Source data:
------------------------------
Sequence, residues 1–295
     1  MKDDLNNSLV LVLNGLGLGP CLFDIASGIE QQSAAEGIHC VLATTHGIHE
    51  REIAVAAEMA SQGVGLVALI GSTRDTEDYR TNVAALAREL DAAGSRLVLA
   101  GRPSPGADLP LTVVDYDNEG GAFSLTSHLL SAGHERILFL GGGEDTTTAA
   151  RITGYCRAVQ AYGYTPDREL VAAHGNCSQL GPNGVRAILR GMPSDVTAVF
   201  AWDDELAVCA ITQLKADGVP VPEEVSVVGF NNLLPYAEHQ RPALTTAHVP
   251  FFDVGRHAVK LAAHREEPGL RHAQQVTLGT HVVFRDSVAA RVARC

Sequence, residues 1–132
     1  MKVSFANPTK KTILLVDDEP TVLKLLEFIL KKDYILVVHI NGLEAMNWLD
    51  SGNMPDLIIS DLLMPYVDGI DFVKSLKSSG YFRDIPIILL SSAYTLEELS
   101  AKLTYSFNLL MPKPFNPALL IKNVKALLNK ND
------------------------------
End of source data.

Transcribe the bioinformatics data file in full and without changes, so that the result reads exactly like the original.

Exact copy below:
Sequence, residues 1–295
     1  MKDDLNNSLV LVLNGLGLGP CLFDIASGIE QQSAAEGIHC VLATTHGIHE
    51  REIAVAAEMA SQGVGLVALI GSTRDTEDYR TNVAALAREL DAAGSRLVLA
   101  GRPSPGADLP LTVVDYDNEG GAFSLTSHLL SAGHERILFL GGGEDTTTAA
   151  RITGYCRAVQ AYGYTPDREL VAAHGNCSQL GPNGVRAILR GMPSDVTAVF
   201  AWDDELAVCA ITQLKADGVP VPEEVSVVGF NNLLPYAEHQ RPALTTAHVP
   251  FFDVGRHAVK LAAHREEPGL RHAQQVTLGT HVVFRDSVAA RVARC

Sequence, residues 1–132
     1  MKVSFANPTK KTILLVDDEP TVLKLLEFIL KKDYILVVHI NGLEAMNWLD
    51  SGNMPDLIIS DLLMPYVDGI DFVKSLKSSG YFRDIPIILL SSAYTLEELS
   101  AKLTYSFNLL MPKPFNPALL IKNVKALLNK ND